The 90s nostalgia was also strong with this one, and although I was nearly a decade out of high school in 1999, I was still young enough during that era to appreciate many of the references made here.
The book is a fast read, with one action sequence coming fast on the next one, and while this kept the story moving along at a good clip, it also felt too rushed and under-explained in places, and the ending felt slightly abrupt; there was something of an epic battle with the big bad at the end, but it still seemed like it needed more.
I also would have liked to have had more details about the conspiracy angle that the adults in town were in on; maybe some more scenes set back in 1980 would have helped, or perhaps some scenes of the boys figuring out more information about what happened back then would have filled in and fleshed out the history and the lore in a more satisfying way.
I think the book’s biggest flaw for me was the sort of rudimentary writing style, which read as a tad simplistic, almost as though it was geared toward younger readers (which it definitely is not, as it features copious swearing and gore). Of particular note was the very weird dearth of contractions, which made everything read as very stilted. There were some contractions used at relevant points, but a lot of the time, both in the dialogue and in the regular narrative, all the words were spelled out: I am, did not, we are, I will…it was really odd, almost like it was a school writing assignment that had to be a certain number of words and the author was trying to pad it out. It was especially jarring in the dialogue bits, because teenage boys don’t talk that way, not if English is their first language.
There were also some grammatical errors, such as several sentences where necessary commas were left out, and a bunch of misplaced homophones: for example, using gage instead of gauge, vice instead of vise (that happened two times), discrete instead of discreet (that also happened twice), creek instead of creak, peddled instead of pedaled, breaks instead of brakes, and no-nothing instead of know-nothing. Those were just the ones I caught, so this definitely needed another pass-through by an editor.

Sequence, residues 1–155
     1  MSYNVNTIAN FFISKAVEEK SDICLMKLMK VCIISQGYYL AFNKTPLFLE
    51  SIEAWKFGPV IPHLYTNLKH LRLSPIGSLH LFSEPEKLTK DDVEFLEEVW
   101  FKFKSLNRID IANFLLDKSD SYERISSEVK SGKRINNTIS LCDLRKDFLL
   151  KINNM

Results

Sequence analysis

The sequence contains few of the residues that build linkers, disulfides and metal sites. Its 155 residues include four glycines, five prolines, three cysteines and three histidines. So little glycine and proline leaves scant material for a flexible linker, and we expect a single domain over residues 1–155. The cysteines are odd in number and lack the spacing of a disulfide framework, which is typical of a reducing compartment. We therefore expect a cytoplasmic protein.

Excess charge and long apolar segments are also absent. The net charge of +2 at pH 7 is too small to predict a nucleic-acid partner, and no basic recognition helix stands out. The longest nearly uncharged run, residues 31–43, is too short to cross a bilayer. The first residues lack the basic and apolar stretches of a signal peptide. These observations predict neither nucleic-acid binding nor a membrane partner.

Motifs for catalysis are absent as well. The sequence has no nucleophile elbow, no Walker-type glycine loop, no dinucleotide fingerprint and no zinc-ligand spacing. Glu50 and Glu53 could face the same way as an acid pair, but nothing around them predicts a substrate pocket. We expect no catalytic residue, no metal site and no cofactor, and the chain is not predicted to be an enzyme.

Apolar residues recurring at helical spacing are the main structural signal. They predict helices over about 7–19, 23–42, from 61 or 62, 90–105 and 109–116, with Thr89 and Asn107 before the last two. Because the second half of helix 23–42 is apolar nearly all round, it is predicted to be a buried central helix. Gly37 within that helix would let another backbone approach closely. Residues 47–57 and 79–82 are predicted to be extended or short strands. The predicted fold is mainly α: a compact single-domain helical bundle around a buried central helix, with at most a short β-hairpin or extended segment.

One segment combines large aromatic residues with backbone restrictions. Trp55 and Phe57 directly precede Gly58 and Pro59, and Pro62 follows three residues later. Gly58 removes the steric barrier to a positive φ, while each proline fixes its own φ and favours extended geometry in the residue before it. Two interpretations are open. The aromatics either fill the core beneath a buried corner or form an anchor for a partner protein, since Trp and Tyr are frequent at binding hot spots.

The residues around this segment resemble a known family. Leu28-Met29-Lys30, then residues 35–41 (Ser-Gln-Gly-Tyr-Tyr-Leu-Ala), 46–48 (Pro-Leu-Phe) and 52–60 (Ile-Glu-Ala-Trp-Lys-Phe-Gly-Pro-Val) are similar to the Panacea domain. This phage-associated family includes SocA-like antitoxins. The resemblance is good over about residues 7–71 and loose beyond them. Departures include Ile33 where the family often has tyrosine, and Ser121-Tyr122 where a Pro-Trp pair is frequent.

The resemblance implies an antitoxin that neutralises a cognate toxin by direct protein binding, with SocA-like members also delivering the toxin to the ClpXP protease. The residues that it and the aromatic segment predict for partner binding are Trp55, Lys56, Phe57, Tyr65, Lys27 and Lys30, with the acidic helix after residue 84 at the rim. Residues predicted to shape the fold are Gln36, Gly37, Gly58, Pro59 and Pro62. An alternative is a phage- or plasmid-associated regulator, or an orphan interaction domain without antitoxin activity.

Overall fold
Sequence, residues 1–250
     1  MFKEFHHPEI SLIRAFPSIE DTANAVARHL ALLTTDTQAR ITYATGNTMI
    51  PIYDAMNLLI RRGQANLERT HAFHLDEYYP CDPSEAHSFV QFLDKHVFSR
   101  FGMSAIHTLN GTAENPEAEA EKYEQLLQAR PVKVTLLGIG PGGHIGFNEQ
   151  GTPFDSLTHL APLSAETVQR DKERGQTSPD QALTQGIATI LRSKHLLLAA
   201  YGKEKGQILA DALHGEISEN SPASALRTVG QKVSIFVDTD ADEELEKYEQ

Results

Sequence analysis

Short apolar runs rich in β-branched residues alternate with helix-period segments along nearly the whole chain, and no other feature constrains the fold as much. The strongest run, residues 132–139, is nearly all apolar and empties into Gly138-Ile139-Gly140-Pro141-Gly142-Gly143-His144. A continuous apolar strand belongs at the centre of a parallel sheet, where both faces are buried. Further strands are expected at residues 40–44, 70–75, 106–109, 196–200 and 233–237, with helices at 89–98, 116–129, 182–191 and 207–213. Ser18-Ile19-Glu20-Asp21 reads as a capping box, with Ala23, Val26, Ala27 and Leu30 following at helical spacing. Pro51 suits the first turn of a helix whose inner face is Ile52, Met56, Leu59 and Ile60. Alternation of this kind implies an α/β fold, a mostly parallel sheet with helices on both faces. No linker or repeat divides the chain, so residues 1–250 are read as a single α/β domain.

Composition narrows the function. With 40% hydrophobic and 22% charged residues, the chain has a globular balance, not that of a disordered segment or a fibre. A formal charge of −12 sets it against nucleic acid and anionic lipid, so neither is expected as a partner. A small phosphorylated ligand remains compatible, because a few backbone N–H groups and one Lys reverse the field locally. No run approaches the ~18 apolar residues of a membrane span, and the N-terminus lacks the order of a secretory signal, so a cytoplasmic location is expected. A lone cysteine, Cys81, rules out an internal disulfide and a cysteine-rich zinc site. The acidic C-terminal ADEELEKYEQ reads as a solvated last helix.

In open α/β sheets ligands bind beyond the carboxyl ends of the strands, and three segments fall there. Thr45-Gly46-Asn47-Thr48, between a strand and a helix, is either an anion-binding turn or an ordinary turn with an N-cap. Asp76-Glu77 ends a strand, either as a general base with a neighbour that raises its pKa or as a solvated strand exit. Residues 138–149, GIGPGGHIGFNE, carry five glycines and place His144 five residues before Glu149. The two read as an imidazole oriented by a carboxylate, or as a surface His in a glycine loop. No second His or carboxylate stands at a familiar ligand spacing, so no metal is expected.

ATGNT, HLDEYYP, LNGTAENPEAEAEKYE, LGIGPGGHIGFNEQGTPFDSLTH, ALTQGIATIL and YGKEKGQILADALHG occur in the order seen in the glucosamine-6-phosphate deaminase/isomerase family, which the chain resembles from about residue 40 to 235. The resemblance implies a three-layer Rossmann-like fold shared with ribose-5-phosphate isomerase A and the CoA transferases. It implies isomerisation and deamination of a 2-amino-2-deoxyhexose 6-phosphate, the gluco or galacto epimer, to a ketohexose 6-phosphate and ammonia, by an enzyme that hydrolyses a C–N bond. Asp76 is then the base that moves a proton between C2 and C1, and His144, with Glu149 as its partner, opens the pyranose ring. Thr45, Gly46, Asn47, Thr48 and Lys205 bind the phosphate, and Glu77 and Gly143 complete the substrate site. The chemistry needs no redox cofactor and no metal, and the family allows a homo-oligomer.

The story also had a strange habit of introducing a minor character—the janitor at the high school, the stoner guy working at the video store—and then giving them a sort of elaborate backstory for a few paragraphs before they got horribly killed by the monster. I get that a horror story of this type needs monster fodder, and to be fair a lot of slasher movies try to do this kind of thing, suddenly introducing and attempting to humanize a character moments before they get bumped off, but it still came across as a bit forced to read a brief tale of woe about how the town drunk ended up in his pitiable state just prior to him being taken out. These characters did have interesting backstories, and I liked that the overriding message with these vignettes was, “Don’t judge these people you look down on, because you don’t know what their deal is,” but I just wish they had been incorporated more into the plot beforehand, rather than having them just show up and get killed.
On the whole, this had some problems, but the story idea was a good one, and I think with more experience and polish, the author will produce some great stories down the line.
Until next time, keep it creepy, my friends.